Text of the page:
Magazine article Psychology Today

Motivation Is Contagious

Magazine article Psychology Today

Motivation Is Contagious

Article excerpt


Company culture is built one employee at a time.

OUR MINDS are wired to mimic others, especially facial expressions-whether we perceive them in person, on a television screen, or in a company logo. So when we see a smile we're more likely to smile ourselves. This tendency to imitate expressions is one reason comedies seem funnier when viewed in movie theaters and sporting events are more exciting when we're sitting in the stands. Emotions are contagious. The more people we see expressing a particular feeling, the more likely we are to adopt it ourselves, amplifying it in the process.

Mimicry is just one ofthe many unconscious tasks our minds perform while we're busy attending to other things. Like a mental app running in the background of our consciousness, it's designed to serve an important purpose.

The tendency to imitate is a powerful force in our lives, influencing us in more ways than we recognize. Take, for example, research my colleagues and I conducted at the University of Rochester, calling attention to the way workplace colleagues influence employee performance. In a series of studies published in Motivation and Emotion, we found that simply placingparticipants in the same roomasahighly motivated individual improved their drive and enhanced their performance. But when we paired participants with a less motivated individual, their inspiration dwindled and their performance dropped, too.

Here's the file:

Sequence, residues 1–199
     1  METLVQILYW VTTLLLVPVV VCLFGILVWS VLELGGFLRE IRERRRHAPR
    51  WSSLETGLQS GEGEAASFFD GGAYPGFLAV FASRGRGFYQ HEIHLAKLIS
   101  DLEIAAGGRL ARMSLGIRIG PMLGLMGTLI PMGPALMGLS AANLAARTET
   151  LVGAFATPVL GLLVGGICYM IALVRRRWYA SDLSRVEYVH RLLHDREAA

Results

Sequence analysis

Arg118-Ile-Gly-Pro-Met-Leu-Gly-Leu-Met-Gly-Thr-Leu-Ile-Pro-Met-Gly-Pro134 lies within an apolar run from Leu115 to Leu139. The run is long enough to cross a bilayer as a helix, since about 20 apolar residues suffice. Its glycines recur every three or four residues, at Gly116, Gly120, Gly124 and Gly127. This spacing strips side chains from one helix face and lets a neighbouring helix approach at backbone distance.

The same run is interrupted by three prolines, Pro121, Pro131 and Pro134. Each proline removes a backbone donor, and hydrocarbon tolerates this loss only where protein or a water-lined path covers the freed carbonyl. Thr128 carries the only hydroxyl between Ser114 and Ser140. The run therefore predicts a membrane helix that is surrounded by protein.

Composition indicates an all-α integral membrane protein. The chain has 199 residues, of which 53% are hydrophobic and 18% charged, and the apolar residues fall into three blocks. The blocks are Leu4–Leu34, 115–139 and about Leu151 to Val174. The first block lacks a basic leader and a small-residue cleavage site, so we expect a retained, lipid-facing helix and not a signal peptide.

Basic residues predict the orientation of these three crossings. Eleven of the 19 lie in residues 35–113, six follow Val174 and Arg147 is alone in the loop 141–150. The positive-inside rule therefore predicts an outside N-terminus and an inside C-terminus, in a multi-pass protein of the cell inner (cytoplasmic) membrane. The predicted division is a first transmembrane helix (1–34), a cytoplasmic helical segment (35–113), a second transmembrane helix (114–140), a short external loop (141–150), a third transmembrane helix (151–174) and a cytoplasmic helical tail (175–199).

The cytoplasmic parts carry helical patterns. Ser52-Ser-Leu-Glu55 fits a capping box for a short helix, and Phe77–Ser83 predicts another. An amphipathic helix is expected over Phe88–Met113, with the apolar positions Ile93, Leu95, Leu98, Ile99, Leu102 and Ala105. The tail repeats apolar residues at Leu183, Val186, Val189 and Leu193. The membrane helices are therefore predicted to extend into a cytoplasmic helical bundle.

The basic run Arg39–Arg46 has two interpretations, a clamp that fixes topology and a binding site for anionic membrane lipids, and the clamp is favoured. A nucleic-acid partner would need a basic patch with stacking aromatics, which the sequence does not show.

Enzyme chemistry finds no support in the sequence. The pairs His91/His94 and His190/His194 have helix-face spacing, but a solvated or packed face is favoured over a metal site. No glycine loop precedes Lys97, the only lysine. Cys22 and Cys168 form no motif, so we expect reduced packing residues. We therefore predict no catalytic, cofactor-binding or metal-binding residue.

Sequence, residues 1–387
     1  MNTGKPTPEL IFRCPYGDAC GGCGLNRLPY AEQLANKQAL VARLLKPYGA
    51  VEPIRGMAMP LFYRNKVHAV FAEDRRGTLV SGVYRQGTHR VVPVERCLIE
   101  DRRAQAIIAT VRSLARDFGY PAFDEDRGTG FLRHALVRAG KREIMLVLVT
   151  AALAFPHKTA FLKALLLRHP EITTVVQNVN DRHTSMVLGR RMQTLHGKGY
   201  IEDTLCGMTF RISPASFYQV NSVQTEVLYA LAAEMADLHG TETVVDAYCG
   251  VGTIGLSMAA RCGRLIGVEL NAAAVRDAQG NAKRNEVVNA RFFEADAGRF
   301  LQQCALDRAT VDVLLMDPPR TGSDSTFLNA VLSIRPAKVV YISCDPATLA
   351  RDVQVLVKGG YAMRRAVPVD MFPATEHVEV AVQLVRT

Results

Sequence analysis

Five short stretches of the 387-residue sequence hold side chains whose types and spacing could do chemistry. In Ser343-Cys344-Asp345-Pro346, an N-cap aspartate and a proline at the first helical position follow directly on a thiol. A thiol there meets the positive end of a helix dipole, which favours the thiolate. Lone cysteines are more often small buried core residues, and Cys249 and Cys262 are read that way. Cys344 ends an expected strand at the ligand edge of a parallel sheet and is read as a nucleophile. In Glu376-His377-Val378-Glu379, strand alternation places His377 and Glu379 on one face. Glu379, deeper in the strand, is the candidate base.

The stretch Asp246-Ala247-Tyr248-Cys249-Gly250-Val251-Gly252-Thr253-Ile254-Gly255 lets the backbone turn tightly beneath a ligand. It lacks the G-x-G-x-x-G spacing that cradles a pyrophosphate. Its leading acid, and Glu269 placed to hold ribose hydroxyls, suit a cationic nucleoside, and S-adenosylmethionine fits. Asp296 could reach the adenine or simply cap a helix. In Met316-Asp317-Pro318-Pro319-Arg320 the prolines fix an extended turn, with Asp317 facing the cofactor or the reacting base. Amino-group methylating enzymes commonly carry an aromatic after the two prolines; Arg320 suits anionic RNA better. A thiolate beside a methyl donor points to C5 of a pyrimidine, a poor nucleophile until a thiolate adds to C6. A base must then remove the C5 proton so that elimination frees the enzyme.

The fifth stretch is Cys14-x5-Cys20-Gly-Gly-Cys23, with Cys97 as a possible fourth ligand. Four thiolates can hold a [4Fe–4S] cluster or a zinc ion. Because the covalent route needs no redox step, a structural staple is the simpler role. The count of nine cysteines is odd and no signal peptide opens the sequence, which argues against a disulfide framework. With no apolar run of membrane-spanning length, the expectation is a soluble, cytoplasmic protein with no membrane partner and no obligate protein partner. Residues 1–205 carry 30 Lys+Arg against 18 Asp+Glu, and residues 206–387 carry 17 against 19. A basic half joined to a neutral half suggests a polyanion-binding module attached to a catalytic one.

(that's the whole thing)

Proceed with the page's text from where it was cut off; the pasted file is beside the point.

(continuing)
Surprisingly, when we asked participants if their performance had been influenced by die person workingnearby, they said it absolutely had not. The effect had occurred without their knowledge.

We call this motivational synchronicity and argue that it's a by-product ofthe way our brains have evolved. By unconsciously mimicking the motivation of those around us, we better relate to one another- a useful habit in the evolutionary past, when belonging to a group could mean the difference between life and death.

The challenge is that this tendency to synchronize our drive to that of those around us isn't always beneficiai in workplace settings, especially when we're collaboratingwith colleagues who are not a positive influence.

Because we are born to emulate the motivation and emotions of those around us, negative colleagues can have a detrimental impact not just on our attitudes but on our performance as well. …

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